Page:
The most likely scenario is that Trump and Netanyahu agree on some economic measures that Israel will take to help improve the situation in the West Bank.  But many of these economic steps will never be implemented because of a combination of Israeli bureaucracy and lack of political will.

On the movement of the U.S. embassy to Jerusalem Netanyahu is also in a tough spot.  On the one hand he cannot ask Trump to not do it. But he also is unlikely to make this a high priority.  He has surely heard from King Abdullah and other Arab leaders about their concerns and recognizes that the potential destabilizing consequences and violence both in the Arab World and in the West Bank and Gaza mean that the move is an unnecessary risk.  Netanyahu’s best bet will be to not raise the issue at all and by not doing so imply to Trump and his team that the embassy is not a high priority issue.

The Syria issue is also likely to be on the agenda.  Israel has remarkably managed to avoid any major negative repercussions from the brutal war currently raging to its north.  Meanwhile President Trump has indicated a desire to negotiate an agreement to end the conflict with the Russians.  Netanyahu is likely to lay out two major concerns that Israel would have in any Syria agreement.  First, Israel must maintain the flexibility to launch strikes into Syria to intercept weapons shipments going from Damascus to Hezbollah.  Second, any agreement must ensure that the Islamic Revolutionary Guards Corps, Al Qaeda, or ISIS do not end up with a toehold on Israel’s Northern border.  Right now this area in Syria is controlled primarily by moderate Syrian opposition forces and an agreement should ensure that they stay in place.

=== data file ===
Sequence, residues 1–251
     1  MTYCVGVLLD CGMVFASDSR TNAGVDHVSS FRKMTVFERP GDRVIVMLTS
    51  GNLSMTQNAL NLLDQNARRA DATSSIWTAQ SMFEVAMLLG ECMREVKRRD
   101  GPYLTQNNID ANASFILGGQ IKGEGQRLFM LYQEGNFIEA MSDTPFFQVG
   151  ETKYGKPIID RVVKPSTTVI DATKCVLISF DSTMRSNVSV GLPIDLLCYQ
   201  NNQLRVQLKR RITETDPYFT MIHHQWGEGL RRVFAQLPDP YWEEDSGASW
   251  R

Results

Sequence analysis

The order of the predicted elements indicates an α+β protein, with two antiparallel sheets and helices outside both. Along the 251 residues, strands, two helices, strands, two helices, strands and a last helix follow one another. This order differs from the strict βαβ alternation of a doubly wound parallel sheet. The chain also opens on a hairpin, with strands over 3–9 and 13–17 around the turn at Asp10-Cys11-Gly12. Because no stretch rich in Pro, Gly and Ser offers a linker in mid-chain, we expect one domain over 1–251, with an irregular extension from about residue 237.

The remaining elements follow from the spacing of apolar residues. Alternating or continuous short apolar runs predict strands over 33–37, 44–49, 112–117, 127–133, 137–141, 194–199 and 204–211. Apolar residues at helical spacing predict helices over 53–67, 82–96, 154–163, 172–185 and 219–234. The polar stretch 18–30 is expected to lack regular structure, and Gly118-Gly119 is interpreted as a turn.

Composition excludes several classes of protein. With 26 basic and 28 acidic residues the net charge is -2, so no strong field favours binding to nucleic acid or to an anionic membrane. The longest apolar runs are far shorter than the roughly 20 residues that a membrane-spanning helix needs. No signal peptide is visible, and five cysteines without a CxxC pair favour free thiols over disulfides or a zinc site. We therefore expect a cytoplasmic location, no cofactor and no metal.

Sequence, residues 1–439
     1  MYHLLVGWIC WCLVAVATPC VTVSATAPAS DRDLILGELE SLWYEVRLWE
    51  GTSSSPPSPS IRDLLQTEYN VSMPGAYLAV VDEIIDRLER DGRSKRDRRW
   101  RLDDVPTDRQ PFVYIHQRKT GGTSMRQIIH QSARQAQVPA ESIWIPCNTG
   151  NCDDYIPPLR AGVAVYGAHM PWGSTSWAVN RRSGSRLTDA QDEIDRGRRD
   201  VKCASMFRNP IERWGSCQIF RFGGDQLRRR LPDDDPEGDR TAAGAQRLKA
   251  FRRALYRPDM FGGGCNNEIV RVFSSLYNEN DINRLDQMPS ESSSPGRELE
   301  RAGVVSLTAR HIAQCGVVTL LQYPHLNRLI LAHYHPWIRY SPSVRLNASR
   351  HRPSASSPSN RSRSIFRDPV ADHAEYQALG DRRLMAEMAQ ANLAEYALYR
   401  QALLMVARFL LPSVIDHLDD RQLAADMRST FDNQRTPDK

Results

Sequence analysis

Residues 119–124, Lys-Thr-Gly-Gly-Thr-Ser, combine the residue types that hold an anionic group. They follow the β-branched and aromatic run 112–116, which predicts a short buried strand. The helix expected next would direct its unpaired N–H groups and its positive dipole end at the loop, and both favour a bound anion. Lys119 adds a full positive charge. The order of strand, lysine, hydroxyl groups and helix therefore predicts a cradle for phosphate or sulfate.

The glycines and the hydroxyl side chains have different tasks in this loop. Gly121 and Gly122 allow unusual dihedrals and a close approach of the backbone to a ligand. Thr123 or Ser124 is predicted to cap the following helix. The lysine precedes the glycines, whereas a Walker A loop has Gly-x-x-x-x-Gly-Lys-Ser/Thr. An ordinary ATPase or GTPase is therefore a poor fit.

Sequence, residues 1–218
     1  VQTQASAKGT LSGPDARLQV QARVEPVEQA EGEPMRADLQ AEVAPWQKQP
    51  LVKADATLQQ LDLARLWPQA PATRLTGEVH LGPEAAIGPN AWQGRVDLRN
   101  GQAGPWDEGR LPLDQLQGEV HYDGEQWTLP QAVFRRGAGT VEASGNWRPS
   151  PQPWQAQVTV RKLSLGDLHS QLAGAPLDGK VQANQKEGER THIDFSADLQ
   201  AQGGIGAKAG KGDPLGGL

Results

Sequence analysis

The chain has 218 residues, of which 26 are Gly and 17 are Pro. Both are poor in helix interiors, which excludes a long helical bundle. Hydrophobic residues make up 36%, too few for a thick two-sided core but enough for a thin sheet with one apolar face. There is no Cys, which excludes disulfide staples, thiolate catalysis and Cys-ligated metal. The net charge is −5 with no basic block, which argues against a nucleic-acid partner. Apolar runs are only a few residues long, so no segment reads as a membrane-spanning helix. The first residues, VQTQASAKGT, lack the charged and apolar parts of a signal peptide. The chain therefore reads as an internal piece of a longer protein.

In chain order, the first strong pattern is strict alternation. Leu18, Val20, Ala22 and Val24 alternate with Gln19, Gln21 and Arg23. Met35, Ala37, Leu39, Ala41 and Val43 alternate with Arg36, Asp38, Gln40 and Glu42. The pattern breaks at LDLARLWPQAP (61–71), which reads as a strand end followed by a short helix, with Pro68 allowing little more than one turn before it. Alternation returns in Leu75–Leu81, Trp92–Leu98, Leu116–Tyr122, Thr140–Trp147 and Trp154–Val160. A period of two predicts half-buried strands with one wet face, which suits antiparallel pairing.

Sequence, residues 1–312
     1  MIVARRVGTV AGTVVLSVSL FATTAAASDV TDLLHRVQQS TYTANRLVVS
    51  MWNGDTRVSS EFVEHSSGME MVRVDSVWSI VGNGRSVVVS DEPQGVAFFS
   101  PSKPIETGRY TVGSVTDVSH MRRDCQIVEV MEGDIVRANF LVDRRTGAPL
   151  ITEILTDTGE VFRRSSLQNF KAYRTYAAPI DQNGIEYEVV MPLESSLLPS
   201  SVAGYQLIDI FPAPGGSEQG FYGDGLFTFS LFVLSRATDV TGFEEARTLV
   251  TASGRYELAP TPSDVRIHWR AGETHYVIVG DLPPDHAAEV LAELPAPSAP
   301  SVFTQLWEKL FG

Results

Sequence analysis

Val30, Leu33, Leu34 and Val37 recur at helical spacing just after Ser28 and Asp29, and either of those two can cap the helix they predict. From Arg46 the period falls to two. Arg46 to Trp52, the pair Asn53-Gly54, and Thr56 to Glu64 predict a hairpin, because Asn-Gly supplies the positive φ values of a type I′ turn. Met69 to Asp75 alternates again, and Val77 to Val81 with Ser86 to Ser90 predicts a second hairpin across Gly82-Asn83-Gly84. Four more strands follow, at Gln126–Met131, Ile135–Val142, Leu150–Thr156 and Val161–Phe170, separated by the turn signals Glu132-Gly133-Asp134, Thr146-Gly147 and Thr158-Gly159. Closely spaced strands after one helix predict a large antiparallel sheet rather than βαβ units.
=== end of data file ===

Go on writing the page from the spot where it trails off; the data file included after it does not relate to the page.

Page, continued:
Trump and Netanyahu are also likely to discuss the possibility of Israel-Egypt-U.S. cooperation.  Israel and Egypt have been increasing cooperation in recent years to counter the threat posed by extremists in the Sinai.  And Trump and Sisi seem to be building a good relationship and putting strengthening the U.S.-Egypt relationship after a rocky last few years.  This creates a unique and positive opportunity.  Israel-Egyptian cooperation has often been limited to the tactical.  But with these players at this time Trump can make deepening U.S.-Israel-Egypt strategic cooperation a major priority of his policy in the Middle East over the next few years.

Finally, Netanyahu should raise the White House’s statement on International Holocaust Remembrance Day, which omitted any direct reference to the murder of 6 million Jews.  It is quite shocking and sad that this needs to be on the agenda at all and quite disappointing that Netanyahu has failed to comment publicly about this.  But at this point he should raise the statement privately and ask the President to have the White House issue a statement on Yom HaShoah on April 24 that clearly references the murder of six million Jews at the hands of the Nazis.  He should also make clear that if the next statement does not include a direct reference to Jewish victims of the holocaust, he will not stay silent again.